Rotary projects around the globe
by Brad Webber
Rotarians and Rotaractors proved their mettle and adaptability as they shifted to confront the COVID-19 pandemic. But through it all, they never stopped working toward the goal of ridding the planet of polio. As we celebrate World Polio Day on 24 October, here are some of the ways they did that in 2020.
When the pandemic leveled restrictions on gatherings and border crossings, District 7090 — which covers parts of southern Ontario and western New York — downshifted plans for its inaugural World Polio Day fundraising bicycle rally. Despite cold and rainy weather on the day of Pedal for Polio, riders on the Canadian side and on the American side completed courses of about 15 miles, says organizer and then-District Governor Frank Adamson of the Rotary Club of Fonthill, Ontario. To expand their fundraising reach, the district encouraged walkers and joggers to join the cause wherever they were located. Rotarians across the district raised more than $160,000.
On 17 October, Brazil’s End Polio Now coordinators and public image coordinators organized a nationwide YouTube program dubbed “Telepolio.” Featuring prerecorded messages from Rotary leaders and Brazilian celebrities, the 45-minute program generated more than 2,100 views and about $130,000 in donations, made online and through a QR code created for the effort. Members of nearly 300 Rotaract clubs contributed; more than half of those Rotaractors were first-time givers to End Polio Now.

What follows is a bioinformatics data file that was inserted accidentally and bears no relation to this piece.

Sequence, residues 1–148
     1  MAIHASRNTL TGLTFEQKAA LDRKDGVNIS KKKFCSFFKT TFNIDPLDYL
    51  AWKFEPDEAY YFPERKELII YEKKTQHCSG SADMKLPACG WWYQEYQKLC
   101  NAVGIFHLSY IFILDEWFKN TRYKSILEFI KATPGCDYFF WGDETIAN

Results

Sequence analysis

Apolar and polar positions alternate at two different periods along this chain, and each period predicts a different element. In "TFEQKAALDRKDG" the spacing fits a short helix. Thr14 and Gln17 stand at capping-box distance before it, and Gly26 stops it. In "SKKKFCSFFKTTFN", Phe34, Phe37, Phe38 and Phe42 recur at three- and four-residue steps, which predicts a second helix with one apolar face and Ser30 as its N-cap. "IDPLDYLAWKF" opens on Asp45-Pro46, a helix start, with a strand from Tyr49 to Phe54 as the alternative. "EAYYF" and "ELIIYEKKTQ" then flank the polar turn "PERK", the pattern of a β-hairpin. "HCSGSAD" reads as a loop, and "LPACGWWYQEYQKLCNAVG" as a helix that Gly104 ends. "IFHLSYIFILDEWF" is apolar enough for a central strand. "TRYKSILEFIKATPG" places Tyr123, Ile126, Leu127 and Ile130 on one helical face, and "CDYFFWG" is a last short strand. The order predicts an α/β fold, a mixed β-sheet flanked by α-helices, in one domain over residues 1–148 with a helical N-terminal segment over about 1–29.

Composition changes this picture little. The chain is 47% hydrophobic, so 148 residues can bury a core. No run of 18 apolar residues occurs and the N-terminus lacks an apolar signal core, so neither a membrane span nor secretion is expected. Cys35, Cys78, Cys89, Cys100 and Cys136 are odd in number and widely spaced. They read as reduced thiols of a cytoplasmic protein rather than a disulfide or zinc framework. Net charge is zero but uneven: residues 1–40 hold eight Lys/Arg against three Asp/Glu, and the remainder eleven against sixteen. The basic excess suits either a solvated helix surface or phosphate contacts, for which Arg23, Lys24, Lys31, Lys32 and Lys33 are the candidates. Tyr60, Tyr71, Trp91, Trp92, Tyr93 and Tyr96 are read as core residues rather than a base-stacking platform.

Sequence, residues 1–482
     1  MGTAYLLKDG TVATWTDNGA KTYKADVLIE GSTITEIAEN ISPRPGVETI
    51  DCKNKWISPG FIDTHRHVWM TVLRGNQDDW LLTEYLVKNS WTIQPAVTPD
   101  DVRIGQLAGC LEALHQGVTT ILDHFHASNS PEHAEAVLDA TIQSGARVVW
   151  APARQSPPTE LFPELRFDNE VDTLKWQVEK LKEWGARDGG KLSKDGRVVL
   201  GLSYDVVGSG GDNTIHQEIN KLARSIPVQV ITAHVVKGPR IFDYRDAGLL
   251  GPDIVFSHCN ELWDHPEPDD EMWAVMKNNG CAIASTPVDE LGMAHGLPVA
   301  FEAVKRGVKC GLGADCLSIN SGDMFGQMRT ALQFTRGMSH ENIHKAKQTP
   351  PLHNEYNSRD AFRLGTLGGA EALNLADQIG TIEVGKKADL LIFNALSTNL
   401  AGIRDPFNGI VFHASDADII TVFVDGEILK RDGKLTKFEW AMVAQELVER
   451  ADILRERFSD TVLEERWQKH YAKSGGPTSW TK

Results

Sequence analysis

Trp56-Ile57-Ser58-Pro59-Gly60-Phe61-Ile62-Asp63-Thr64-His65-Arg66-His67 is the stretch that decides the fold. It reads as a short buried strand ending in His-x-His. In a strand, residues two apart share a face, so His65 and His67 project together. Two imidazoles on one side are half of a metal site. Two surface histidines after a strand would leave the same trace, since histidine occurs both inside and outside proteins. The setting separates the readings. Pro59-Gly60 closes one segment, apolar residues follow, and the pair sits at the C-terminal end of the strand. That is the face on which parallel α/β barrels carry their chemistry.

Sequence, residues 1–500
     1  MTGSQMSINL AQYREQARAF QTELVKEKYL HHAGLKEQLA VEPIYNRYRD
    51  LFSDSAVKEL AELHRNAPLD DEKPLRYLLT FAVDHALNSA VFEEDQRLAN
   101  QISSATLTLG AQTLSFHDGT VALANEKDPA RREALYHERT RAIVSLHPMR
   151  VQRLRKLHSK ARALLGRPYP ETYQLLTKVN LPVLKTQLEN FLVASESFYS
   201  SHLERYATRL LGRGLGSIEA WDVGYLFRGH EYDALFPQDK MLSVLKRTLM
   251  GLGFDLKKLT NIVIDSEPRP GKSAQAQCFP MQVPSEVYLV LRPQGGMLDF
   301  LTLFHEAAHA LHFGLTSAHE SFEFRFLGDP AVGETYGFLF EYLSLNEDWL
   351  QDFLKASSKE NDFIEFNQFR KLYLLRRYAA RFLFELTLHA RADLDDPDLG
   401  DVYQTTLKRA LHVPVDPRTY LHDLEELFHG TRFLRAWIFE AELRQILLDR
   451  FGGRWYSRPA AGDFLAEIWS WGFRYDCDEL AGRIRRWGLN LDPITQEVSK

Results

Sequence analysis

Over the past decade, some of the planet’s most recognizable landmarks have been lit up to mark World Polio Day, with many also sporting a projection of the End Polio Now logo. In 2014, District 1390 enlisted the operator of the Särkänniemi amusement park to promote the message. That year, and every year since, the park has illuminated its 551-foot Näsinneula observation tower with red floodlights on World Polio Day.
Auckland-area Rotary members convened on commuter rail lines and ferries
Brazilian children given the polio vaccine on a single day in 1980
Year the WHO European region was declared polio-free
Height of Hallasan, South Korea’s tallest peak
Year Auckland switched on its electric tram
Hiking is a popular pastime in Korea, where more than one-third of citizens polled in 2019 cited sports and fitness as their prime hobby. Rotary clubs in Korea tapped into that mania for the outdoors to raise funds for End Polio Now with the “Hiking the 100 most beautiful mountains challenge” in October and November. The event engaged 145 climbers from 74 clubs and garnered nearly $106,000 in contributions. Participants — who agreed to personally donate at least $100 each — teamed up, tackled their favorite mountains, and promoted their achievements by posting pictures and comments on social media. “It is possible to celebrate World Polio Day while following the government’s guidelines for social distancing,” noted Ju-Hwa Jeong, Rotary’s End Polio Now coordinator for Korea.